Today’s post in Art of Manliness is a story about Robert E. Lee:
General Robert E. Lee was on his way to Richmond, and was seated in the extreme end of a railroad car, every seat of which was occupied. At one of the stations, an aged woman of humble appearance entered the car, carrying a large basket. She walked the length of the aisle and not a man offered her a seat. When she was opposite General Lee’s seat, he arose promptly and said, “Madam, take this seat.” Instantly a score of men were on their feet, and a chorus of voices said, “General, have my seat.” “No, gentlemen,” he replied, “if there was no seat for this old lady, there is no seat for me.” It was not long before the car was almost empty. It was too warm to be comfortable.
From Success by Orison Swett Marden
An excellent article from one of my favorite blogs. Always ready and eager to spoil anything good and decent, we see this comment within hours of posting the article:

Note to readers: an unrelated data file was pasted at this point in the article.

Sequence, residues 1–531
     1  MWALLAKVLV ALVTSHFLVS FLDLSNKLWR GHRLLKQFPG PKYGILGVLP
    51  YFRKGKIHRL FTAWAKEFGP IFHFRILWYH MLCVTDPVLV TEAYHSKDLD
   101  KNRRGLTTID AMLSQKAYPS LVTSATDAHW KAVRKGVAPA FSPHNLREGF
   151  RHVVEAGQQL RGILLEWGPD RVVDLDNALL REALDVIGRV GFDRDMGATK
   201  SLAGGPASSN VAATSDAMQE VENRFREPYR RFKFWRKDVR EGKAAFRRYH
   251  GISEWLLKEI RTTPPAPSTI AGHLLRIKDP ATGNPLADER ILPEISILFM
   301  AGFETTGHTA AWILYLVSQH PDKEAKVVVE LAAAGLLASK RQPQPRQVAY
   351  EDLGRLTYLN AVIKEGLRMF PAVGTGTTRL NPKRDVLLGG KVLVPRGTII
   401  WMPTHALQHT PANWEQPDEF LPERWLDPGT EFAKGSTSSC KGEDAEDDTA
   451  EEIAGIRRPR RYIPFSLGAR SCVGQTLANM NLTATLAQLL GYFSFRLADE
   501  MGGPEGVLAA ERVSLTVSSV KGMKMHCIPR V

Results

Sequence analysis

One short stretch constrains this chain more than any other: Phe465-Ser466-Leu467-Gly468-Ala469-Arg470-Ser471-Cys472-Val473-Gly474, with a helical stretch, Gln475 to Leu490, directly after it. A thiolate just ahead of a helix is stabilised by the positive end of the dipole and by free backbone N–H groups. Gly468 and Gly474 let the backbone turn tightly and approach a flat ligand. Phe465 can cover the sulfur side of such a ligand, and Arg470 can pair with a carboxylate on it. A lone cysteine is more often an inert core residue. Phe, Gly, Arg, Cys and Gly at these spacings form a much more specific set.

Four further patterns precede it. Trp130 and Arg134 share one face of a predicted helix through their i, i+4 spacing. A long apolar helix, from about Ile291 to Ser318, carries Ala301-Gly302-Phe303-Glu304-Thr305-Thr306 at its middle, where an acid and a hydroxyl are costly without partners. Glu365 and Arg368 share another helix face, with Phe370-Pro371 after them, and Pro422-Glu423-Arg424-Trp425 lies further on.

Yankee November 14, 2010 at 1:44 am
This was because Lee was educated and primed in the North at West Point, before he became a traitor to the Union. “Duty, Honor, Country”.
“Yankee” has very eloquently demonstrated, yet again, the Yankee attitude toward The South. The character of Robert E. Lee is not important. The chivalry of Robert E. Lee is not important. The gentlemanly manners of Robert E. Lee is not important. No, what is important to “Yankee” is that Robert E. Lee attended West Point, located 50 miles north of New York City – as though he learned the entire concept of manners and chivalry north of New York City. There simply is no middle ground for those who hate The South.